Ian’s recent post, Carcinus Arises is a hilarious and creative illustration of his overall approach to life and photography. If you haven’t read it you really should. It’s no doubt confirmed to me why we’ve become friends and why I enjoy contributing to this blog community.
The post got me thinking about other ways in which Greek Mythology and characters relate to photography and the modern world. I’ve got a seven (almost 8) year old daughter at home who has become keenly aware of her own reflection so the story of Narcissus came to mind almost instantly. As you’ll probably remember from 8th grade English class, Narcissus was the son of a river god father and nymph mother, two parents you could really be proud of. As such, he was an incredibly brave and beautiful hunter. He was also very proud and disdained all those who loved him for his beauty. This bothered Nemesis, goddess of revenge enough to lure Narcissus to a pool in the forest where he became transfixed by his own reflection on the surface of the water. Not realizing it was merely an image, he fell so in love with his own reflection that he was unable to move and there, eventually died.
I can’t help but think that the modern equivalent of Nemesis is the Internet and most recently smart phones and the social media network du jour. How many hours are spent gazing at our own reflections (ie online profiles, number of forum posts, comments, +1s, likes, etc) to the detriment of our “real” lives? There’s a fine line between social networking/marketing for photographers and falling under the spell of your own reflection. So at the danger of being somewhat hypocritical and tongue firmly planted in cheek, here are my Top 5 Ways to Avoid Falling Under the Modern Day Spell of Nemesis:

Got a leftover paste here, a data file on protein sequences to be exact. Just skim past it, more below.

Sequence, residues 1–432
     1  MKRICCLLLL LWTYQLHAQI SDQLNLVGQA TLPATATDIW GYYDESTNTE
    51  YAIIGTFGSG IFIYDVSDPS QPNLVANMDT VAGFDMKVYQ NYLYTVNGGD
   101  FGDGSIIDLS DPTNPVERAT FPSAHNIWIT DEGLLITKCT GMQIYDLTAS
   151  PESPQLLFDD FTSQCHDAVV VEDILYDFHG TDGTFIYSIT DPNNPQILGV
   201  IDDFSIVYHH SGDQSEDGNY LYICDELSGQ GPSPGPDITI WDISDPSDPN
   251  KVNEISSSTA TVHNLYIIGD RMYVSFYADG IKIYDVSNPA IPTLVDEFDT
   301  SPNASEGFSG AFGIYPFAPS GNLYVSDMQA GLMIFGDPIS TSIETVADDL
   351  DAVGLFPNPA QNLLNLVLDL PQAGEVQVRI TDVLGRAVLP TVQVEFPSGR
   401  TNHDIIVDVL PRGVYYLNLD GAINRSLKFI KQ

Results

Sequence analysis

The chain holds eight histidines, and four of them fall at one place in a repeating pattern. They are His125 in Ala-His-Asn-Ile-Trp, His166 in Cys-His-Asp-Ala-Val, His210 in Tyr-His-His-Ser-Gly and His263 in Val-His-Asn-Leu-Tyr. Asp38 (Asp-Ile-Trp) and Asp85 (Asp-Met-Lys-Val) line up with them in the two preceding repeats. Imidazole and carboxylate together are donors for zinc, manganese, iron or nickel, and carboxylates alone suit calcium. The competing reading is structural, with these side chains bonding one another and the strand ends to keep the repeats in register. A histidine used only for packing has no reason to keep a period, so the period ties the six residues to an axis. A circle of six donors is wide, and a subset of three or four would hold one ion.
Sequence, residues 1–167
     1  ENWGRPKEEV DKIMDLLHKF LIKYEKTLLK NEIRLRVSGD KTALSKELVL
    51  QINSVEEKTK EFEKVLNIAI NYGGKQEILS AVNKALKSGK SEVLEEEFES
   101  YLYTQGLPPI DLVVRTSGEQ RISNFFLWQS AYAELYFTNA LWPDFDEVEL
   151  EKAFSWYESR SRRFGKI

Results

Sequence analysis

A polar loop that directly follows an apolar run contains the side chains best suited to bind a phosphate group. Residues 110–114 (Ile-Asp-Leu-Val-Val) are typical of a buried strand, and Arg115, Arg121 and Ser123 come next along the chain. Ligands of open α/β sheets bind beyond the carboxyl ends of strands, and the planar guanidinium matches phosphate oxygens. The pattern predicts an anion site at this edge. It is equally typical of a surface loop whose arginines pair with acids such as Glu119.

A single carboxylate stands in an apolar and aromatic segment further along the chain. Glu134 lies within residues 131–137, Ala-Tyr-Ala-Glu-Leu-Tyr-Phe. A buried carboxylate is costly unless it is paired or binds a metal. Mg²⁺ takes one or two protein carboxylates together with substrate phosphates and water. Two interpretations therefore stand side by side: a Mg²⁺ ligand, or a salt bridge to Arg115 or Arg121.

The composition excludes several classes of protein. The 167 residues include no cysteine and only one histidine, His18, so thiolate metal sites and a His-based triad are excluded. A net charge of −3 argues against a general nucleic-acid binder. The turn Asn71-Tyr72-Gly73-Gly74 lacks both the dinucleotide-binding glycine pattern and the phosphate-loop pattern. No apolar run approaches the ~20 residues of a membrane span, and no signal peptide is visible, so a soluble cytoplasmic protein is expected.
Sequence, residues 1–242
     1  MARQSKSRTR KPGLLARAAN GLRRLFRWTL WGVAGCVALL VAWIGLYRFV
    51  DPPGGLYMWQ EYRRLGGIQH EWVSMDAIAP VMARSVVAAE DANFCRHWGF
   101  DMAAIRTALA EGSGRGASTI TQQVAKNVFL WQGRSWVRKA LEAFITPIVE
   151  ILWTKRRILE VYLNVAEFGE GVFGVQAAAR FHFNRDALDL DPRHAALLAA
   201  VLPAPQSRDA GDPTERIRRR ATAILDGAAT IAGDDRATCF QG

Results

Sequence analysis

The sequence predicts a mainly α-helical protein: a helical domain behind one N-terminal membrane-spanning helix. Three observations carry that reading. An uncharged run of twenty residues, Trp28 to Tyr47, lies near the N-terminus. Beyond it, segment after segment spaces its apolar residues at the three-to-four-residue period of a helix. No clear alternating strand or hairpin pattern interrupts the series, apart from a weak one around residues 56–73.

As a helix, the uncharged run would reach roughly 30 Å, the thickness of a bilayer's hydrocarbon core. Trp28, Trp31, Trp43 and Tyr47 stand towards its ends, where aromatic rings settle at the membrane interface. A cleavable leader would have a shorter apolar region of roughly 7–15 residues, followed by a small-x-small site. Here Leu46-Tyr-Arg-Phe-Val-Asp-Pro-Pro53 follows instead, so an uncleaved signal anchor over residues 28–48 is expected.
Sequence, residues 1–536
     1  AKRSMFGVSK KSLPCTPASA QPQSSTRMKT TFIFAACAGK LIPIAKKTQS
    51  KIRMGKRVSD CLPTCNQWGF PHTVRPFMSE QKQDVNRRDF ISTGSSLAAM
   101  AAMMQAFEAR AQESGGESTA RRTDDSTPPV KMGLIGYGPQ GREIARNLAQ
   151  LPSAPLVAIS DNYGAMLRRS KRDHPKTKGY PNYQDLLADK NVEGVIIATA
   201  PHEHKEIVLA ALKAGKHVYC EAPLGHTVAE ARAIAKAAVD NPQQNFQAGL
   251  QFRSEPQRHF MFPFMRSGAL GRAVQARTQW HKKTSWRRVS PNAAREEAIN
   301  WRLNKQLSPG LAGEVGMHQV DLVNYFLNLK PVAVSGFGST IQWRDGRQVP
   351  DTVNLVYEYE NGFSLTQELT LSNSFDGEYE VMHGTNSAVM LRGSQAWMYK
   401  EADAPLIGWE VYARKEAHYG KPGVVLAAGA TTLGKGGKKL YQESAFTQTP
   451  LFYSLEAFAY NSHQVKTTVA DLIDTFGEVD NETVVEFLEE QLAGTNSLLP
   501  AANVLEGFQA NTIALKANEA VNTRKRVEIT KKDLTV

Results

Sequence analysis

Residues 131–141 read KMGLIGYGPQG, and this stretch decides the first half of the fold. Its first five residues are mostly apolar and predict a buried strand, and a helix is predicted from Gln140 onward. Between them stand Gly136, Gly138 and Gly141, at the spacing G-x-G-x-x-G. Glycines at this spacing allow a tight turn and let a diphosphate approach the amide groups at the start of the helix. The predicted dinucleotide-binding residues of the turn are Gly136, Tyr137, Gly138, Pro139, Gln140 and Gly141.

1) Don’t produce, or worse share videos of yourself “working” in the field unless they are bonafide instructional videos. Videos of you musing over what photography has contributed to your life or espousing over how you hope to change the world through your images are just plain stupid!
2) Don’t post smartphone snaps of your camera set up from some far flung (or worse, domestic) locale with hashtags for the more “famous” photographers that happen to be with you.
3) Don’t post pictures of you holding the print that you just shipped out to some “client” (ie your mom) in South Carolina. If you’re a pro, then you should have clients, and they should give you money for what you do. When I was a teacher I didn’t post pictures of my student’s graded homework before handing it back with the caption, “Another happy client about to receive their lab report.”
4) If you still have a day job (and it’s fine if you do, in fact smarter) don’t pretend online that you don’t. On the same note, if you’re rich or have a trust fund, say so. We’ll still love you, maybe even more…
5) Don’t show off by taking pictures of you unpacking the new lens that just arrived from B&H. As photographers I think it’s safe to assume we buy some new gear from time to time, no big deal. I don’t understand why the world needs to know when we do, it’s not like I take pictures of my groceries before I put them in the fridge.
Bonus: Don’t host a Google Hangout. Period, needs no further explanation…
Now I’ve got to get back to work, there are lots of prints to make for clients, a big video project to finalize, endless status updates, gear to unpack, pack and unpack again, as well as an exciting announcement to plan for my newest collaboration with #SuperStudPhotoManExtraordinaire and +McCanonNikonWacomAndroid ;)
Technical Details: Canon 5DII, EF 16-35 f2.8L, f11 @ 1.6 sec., ISO 100, 3 stop grad. I carefully positioned the camera for a low, close up perspective of this pool but fortunately avoided seeing my own reflection…